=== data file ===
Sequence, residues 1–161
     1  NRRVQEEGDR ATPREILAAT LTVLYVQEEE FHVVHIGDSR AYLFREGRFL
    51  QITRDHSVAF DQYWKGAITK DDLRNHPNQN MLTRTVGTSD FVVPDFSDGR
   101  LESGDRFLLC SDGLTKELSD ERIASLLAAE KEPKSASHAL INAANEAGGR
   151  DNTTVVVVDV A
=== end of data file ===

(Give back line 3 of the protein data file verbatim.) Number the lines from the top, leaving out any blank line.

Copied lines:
    51  QITRDHSVAF DQYWKGAITK DDLRNHPNQN MLTRTVGTSD FVVPDFSDGR